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Charles Robert Jenkins, a former U.S. soldier who is alleged to have deserted his unit and defected to North Korea in 1965, must undergo a full investigation if he visits Japan to meet his wife, Hitomi Soga, a senior U.S. diplomat said Tuesday.

“We’re not able to make any assurances before a full investigation would be made whenever the gentleman would present himself,” James Kelly, assistant secretary of state for East Asian and Pacific affairs, told a news conference.

Kelly thus clarified the U.S. position on the issue: that Japan must hand Jenkins over to the U.S. before Washington can decide whether to meet Tokyo’s request that he receive preferential treatment.

Jenkins could face a court-martial for desertion.

“Mr. Jenkins disappeared, apparently walked to North Korea on his own, many, many years ago,” Kelly said. “There remain serious charges under the law that are there on Mr. Jenkins, and I think they’re going to have to be resolved whenever he chooses to return.”

Jenkins, 62, is listed by the U.S. military as having deserted to North Korea in 1965 while an army sergeant stationed on the South Korean side of the demilitarized zone separating the two Koreas. He is currently in the North.

He married Soga, 43, one of the five known surviving Japanese nationals abducted to North Korea who are currently back in Japan. The couple have two daughters, who were born in North Korea and were not allowed to accompany their mother to Japan.

Soga has said she hopes to reunite with her family soon.

In Tokyo, meanwhile, a U.S. Embassy spokesman said Soga has requested a meeting with Ambassador Howard Baker to discuss the fate of her husband.

“The embassy is considering this request and will reply to Mrs. Soga shortly,” the spokesman said.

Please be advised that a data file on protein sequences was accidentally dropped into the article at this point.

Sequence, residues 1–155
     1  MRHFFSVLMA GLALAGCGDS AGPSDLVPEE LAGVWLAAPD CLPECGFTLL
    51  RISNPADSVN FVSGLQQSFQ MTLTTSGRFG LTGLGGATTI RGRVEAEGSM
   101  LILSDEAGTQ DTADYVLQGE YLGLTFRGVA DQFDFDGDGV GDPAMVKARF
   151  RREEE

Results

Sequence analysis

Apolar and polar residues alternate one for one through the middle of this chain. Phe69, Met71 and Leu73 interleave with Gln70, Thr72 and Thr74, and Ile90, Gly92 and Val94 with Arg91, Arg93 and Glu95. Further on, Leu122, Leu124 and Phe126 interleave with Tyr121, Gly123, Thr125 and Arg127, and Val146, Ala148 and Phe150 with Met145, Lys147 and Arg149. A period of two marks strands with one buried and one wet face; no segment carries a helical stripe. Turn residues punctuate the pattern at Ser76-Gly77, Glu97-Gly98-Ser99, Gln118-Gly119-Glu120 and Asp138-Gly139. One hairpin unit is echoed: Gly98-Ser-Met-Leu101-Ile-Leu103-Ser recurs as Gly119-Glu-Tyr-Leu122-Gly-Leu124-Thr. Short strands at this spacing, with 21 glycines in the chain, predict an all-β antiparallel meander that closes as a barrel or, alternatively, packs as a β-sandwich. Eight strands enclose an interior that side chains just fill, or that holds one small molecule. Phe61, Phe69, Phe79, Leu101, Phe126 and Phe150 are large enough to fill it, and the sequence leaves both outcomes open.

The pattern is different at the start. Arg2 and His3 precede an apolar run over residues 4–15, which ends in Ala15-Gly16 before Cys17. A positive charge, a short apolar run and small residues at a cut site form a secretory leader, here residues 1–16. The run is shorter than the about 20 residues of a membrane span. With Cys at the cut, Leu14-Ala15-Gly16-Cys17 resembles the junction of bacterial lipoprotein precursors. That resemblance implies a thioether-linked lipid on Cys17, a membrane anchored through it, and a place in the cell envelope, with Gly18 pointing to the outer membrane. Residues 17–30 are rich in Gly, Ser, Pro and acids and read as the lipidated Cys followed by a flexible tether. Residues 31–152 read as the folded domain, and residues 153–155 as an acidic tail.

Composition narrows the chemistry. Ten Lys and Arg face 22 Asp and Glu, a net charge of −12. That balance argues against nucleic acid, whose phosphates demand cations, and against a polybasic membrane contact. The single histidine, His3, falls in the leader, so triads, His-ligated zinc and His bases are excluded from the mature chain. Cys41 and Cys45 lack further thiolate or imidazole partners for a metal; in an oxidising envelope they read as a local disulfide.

He declined to say when or how Soga contacted the embassy or when it plans to respond.

Soga getting presents

MANO, Niigata Pref. (Kyodo) Hitomi Soga, one of the five known surviving Japanese abducted to North Korea in 1978 and now back in Japan, has received presents and letters from well-wishers nationwide, local officials said Wednesday.

Gifts that Soga, 43, has received at her home on Sado Island include winter clothes, boxes of fruit and a compact disk player, the officials said.

Soga, whose American husband and two daughters were not allowed by Pyongyang to accompany her to Japan, has also received more than 100 letters of encouragement.

An official at a special government division set up to support her said Soga is grateful that people are thinking of her during this difficult time.

Many presents and letters arrived at her door after a weekly magazine published an article based on an interview with Soga’s husband and daughters last week.

In the interview, Soga’s family said they want her to return to Pyongyang as soon as possible. Her husband, former U.S. Army Sgt. Charles Robert Jenkins, 62, may face a U.S. court-martial for desertion from the army in 1965 if he comes to Japan.

After reading the article last Thursday, Soga, apparently upset by the report, canceled a news conference that day, citing bad health.

Soga and the four other abductees returned to Japan on Oct. 15. Pyongyang has demanded that they return to North Korea, but Japan is refusing to send them back.

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